attending UK or U of L will pa $840
more, out-of-state students 2,520

V 9

leave UK if she doesn't graduate this
year. “\Ve go up there and we talk,
and they don‘t listen.

“UK wants to attract the best and
brightest in the country but what is
this going to do to our academic
standing? she said, pointing out the
already well-respected law, medicine
and harmacy schools. “You want to
op 20, you want to attract the
best and the brightest, so you raise
tuition. That’s so intelligent.

Edwards, who could not be reached
for comment, roposed to ut 6.7 per--
cent cap for K and U 0 L, but her
amendment was defeated by a 9-5

by the


2.6 percent, the lowest since 1993-94.
This trend of big, then small increases
is normal, Hardin said; when universi—
ties have “to catch up," the increases
are larger.

For many students, however, the
catch-up will be a killer on the pocket-
book. Many may forego college alto-
gether because of the increasing costs,
said Jennifer Tee], a music education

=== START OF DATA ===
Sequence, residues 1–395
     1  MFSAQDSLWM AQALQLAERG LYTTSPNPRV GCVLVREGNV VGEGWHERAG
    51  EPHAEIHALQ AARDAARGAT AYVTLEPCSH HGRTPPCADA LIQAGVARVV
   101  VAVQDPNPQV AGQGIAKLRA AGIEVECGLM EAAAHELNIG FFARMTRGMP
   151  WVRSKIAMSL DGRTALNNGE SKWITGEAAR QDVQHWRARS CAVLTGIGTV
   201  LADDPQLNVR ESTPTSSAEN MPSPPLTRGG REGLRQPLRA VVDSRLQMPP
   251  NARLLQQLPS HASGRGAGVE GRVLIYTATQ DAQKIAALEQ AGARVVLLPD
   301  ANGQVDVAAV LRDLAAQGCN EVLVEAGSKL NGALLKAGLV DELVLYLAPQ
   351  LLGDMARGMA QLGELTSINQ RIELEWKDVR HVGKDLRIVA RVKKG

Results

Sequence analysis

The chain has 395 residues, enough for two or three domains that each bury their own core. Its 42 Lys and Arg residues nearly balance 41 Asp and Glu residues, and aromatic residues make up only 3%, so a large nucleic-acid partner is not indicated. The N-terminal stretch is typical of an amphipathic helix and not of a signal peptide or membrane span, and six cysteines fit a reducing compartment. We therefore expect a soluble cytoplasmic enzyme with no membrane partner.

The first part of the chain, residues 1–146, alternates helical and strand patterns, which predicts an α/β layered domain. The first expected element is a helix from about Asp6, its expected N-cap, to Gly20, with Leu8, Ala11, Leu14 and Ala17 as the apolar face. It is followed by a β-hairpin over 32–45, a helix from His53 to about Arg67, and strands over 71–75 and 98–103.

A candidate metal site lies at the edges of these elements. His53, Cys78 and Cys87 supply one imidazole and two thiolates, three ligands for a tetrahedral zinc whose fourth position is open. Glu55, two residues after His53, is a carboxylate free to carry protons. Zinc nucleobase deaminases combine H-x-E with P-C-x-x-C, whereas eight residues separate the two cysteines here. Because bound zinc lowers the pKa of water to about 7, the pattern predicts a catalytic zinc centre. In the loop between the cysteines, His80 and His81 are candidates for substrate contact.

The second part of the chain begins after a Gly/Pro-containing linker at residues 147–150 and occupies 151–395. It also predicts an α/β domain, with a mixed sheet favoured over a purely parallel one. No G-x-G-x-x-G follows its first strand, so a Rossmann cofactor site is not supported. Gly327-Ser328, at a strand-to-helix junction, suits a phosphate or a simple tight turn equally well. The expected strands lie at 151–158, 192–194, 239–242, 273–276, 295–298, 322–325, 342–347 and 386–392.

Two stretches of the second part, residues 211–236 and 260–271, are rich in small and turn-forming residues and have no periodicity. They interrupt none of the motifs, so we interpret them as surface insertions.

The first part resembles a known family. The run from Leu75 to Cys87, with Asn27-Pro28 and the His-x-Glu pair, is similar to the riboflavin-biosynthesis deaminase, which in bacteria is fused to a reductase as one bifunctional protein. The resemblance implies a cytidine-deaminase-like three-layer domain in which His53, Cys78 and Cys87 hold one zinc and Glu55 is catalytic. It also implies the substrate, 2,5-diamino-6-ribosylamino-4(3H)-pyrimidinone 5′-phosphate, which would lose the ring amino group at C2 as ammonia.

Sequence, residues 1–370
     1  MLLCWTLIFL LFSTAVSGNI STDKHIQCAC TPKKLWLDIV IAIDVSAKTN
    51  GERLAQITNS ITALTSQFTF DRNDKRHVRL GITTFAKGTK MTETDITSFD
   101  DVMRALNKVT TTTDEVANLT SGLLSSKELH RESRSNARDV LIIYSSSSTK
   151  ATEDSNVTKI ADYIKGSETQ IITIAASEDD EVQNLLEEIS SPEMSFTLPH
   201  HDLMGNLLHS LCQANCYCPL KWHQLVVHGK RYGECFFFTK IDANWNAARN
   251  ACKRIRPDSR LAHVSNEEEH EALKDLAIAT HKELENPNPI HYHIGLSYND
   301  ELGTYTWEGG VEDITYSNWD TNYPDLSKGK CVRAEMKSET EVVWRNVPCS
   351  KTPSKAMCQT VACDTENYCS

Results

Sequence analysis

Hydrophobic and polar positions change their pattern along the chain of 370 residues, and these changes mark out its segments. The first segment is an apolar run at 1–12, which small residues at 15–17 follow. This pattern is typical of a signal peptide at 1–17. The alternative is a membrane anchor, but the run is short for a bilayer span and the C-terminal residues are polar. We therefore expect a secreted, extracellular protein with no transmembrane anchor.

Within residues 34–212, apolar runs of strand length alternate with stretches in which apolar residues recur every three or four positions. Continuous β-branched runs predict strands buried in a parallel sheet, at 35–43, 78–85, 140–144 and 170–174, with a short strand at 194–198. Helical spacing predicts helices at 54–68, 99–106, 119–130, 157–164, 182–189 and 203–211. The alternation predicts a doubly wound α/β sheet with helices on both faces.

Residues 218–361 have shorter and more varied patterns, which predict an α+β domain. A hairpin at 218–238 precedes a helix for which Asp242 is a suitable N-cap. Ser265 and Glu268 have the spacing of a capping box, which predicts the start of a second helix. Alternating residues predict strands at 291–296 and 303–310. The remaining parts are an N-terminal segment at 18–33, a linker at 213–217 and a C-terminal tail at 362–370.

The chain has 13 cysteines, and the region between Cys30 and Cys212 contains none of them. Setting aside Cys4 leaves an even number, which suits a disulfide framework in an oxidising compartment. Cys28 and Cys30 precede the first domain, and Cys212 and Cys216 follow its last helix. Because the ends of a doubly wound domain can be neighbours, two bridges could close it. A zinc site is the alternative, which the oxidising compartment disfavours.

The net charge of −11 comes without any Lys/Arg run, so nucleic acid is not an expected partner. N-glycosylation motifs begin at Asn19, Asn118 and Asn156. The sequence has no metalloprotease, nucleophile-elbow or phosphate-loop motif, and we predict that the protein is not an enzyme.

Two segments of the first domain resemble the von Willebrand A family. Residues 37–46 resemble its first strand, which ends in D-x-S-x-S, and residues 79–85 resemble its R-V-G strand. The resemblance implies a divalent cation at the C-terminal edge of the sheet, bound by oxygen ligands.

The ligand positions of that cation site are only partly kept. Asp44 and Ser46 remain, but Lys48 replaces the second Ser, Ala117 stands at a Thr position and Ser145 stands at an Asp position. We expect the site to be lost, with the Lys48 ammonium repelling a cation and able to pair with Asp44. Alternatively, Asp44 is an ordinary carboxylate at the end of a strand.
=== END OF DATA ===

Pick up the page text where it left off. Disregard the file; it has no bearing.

senior who returned to school after
graduating in May 1996.

Orchestra classes Teel needs for
her major have been cut or changed to
focus more on hand majors, which in
turn, she said, makes her degree basi-
cally worthless. That she will pay


The increase is “a short—term solu-
tion to a problem that has been going
on for some time," Tee] said.

The policy for tuition increases has
been in effect since 1981 and has been
reviewed twice, said Merl Hackbart,
the council's faculty representative,
who teaches financial management in
the UK Martin School of Public

Two key factors the council consid-
ers when increasin tuition are relative
per capita persona income levels and
tuition rate changes in benchmark
states. Kentucky’s per capita income

See TUITION on 2


together, Shepard said of Smith, whose daughters
live in Newjersey and Kentucky.

Papa John's donate: 81 million to tilt

Papa john's chief executive officer, john
Schnatter. donated SI million to help fund
construction of UK's new basketball museum
and a new soceer and softball training facility,
Athletic Director C.M. Newton announced
restcrday at UK's annual Tip-Off Basketball

“This is a very generous gift," Newton said.
“Another shining example of the corporate
community and individuals helping both UK
and the Athletics Association. it‘s a win-win sit-